It is worth bearing in mind that the law of penalties has always been recognised as interfering with the principle of freedom of contract, and is one of the few exceptions to this principle. Although the Supreme Court did not act to abolish penalties, it did make clear, as a general rule, that in a negotiated contract between properly advised parties of comparable bargaining power, the strong initial presumption must be that the parties themselves are the best judges of what is legitimate in a provision dealing with the consequences of breach.

Comment

This judgment provides welcome clarification of the law in this area, setting out an updated test for penalty clauses and guidance on how this should be applied to modern commercial contracts. In construction contracts, the new test will require commercial justification for the liquidated damages clause at the time the contract was entered into, and consideration of whether it is out of all proportion to the employer’s legitimate commercial interest in the works completing on time.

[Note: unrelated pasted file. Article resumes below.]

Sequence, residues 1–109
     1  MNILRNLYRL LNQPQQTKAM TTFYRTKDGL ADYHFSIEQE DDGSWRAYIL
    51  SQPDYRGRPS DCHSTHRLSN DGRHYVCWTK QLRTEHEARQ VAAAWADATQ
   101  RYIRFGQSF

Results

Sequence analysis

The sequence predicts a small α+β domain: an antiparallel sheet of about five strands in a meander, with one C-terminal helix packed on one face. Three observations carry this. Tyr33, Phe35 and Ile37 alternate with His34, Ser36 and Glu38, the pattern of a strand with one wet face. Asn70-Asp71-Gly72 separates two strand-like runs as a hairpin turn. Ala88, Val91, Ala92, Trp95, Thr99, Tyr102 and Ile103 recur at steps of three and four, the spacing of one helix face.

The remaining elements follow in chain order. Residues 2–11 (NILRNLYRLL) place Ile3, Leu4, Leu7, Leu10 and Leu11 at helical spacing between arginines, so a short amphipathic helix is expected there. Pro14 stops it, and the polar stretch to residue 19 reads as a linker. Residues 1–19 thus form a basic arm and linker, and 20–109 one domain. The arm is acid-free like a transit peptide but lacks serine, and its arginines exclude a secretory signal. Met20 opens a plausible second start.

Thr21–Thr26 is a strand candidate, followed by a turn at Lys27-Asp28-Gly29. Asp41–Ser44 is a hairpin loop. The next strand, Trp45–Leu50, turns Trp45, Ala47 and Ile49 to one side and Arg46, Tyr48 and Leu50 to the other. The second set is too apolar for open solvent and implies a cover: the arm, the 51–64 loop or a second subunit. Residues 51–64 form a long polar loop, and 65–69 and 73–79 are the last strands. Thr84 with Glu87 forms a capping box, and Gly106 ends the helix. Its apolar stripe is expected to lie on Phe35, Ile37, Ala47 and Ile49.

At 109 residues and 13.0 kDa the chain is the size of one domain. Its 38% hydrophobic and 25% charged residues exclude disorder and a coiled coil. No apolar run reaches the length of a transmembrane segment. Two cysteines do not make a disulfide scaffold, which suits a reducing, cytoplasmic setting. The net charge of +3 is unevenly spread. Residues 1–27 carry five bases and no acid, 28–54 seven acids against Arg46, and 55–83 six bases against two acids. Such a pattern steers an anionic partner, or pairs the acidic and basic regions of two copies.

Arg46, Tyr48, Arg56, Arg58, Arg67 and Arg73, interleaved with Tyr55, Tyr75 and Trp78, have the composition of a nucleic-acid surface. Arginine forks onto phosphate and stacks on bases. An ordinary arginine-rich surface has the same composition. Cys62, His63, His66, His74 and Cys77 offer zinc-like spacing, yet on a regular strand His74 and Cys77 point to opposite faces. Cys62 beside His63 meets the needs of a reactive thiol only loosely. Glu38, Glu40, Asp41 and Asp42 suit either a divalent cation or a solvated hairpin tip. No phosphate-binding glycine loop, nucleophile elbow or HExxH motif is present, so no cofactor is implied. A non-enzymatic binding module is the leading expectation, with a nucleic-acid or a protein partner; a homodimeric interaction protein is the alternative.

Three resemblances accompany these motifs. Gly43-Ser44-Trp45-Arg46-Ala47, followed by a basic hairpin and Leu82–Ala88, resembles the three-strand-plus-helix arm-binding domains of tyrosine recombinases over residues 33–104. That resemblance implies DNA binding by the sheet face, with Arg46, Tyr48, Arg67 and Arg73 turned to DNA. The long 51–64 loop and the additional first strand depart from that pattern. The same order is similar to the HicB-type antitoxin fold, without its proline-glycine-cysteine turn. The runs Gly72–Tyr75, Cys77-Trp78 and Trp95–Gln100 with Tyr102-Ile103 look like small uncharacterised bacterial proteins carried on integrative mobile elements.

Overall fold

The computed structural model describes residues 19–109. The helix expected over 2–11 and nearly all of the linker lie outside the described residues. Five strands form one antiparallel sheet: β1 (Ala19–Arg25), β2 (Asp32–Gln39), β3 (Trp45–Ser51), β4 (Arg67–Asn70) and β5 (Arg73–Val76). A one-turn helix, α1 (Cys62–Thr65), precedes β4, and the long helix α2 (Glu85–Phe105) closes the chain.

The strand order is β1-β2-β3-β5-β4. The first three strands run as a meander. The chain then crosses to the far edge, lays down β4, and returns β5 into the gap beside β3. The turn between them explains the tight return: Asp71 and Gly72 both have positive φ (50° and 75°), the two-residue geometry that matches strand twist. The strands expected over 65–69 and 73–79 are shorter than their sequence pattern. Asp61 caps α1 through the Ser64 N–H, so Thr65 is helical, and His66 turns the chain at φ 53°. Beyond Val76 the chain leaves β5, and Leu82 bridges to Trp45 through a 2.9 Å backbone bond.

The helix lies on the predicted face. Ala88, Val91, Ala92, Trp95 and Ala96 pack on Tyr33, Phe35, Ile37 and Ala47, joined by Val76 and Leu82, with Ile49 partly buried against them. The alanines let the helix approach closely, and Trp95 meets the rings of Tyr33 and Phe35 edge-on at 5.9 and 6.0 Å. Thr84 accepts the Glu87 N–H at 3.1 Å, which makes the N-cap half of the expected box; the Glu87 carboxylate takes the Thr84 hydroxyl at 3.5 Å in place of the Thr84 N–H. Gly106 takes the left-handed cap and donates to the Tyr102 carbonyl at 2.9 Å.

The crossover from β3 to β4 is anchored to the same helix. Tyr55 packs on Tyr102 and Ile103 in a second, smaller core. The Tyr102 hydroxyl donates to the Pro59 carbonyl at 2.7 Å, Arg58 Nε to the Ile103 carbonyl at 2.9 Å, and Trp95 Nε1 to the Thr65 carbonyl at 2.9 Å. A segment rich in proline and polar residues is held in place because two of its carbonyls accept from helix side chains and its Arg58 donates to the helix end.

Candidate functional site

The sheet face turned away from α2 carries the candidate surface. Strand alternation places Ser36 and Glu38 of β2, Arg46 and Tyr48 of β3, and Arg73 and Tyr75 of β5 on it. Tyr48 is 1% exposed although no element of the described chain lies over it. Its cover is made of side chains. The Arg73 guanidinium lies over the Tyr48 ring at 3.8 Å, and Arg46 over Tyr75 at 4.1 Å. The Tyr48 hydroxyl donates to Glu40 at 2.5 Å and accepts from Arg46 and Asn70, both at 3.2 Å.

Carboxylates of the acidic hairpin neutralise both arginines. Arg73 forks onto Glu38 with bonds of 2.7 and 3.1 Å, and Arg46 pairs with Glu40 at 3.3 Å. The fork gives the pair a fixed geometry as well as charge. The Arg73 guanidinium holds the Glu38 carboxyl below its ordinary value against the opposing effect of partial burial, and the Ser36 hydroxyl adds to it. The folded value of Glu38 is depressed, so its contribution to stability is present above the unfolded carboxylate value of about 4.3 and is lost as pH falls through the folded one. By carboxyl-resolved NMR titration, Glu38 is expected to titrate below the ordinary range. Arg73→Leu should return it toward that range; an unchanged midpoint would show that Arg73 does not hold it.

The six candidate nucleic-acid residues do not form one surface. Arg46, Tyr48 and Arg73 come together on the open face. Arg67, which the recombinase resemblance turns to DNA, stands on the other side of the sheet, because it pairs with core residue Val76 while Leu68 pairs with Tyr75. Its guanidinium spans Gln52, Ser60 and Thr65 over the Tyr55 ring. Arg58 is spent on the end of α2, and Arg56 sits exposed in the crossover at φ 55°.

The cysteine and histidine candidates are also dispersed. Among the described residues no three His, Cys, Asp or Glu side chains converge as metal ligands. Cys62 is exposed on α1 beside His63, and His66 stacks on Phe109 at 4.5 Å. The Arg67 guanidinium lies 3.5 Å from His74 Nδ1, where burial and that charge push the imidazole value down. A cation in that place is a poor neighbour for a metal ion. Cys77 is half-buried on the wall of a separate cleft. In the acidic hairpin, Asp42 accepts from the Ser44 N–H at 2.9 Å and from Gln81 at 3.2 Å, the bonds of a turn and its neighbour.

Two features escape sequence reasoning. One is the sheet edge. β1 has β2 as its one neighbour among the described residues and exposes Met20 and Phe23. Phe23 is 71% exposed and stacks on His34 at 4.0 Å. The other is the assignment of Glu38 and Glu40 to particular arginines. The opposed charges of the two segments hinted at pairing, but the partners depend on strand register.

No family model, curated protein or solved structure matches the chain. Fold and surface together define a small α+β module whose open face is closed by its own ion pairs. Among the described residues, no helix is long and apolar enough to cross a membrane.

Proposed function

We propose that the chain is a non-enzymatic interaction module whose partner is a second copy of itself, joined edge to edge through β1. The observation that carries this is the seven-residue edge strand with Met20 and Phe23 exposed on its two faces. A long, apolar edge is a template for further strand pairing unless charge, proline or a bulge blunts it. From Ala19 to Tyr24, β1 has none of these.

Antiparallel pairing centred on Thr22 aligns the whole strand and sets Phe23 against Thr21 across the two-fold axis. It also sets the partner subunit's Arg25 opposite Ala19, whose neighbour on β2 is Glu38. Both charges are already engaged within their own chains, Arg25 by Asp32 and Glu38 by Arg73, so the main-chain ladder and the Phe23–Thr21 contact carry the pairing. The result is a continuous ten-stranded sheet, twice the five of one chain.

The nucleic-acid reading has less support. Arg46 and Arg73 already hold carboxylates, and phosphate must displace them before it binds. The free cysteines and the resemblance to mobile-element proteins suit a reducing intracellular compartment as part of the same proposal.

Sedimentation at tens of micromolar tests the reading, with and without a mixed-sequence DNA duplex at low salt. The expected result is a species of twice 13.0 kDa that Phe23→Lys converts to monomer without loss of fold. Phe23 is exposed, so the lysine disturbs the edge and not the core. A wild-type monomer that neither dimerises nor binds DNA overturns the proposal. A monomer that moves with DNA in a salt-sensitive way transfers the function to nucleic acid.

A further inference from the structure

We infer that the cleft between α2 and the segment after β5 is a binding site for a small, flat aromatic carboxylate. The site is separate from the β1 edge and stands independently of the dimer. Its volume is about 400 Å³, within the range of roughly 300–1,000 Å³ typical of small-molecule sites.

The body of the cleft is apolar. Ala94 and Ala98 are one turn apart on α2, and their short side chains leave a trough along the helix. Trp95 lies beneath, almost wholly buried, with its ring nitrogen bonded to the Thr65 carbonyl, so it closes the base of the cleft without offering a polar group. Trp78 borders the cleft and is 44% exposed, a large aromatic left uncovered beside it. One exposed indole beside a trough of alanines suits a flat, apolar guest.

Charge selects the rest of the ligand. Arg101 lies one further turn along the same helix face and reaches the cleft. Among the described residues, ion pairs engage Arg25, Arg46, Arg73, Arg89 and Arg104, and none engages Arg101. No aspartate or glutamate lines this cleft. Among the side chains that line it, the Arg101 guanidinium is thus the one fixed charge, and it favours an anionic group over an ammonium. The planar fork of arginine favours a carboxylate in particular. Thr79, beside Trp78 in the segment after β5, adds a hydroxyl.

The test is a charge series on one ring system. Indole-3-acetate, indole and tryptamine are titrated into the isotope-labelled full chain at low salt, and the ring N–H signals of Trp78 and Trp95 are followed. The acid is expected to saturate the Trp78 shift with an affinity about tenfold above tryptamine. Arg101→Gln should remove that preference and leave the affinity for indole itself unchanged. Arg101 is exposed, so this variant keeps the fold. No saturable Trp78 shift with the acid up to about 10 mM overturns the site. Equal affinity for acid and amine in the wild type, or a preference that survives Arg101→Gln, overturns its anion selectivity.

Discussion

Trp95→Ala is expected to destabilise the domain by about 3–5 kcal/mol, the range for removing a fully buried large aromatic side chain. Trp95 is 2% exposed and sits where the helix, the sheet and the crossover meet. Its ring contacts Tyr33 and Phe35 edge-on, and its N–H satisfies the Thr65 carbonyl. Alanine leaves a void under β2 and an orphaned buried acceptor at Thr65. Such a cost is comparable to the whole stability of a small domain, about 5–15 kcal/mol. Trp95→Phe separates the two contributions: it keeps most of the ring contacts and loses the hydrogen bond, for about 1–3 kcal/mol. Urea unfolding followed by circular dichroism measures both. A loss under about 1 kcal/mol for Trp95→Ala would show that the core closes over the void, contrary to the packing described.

However, the meaning of a “legitimate interest” and what is “out of all proportion” are likely to form the new battleground for future challenges to the validity of liquidated damages clauses. No doubt satellite litigation on these points will test the boundaries of Supreme Court’s decision and provide further clarification in due course.

This guide is for general information and interest only and should not be relied upon as providing specific legal advice.  If you require any further information about the issues raised in this article please contact the author or call 0207 404 0606 and ask to speak to your usual Goodman Derrick contact.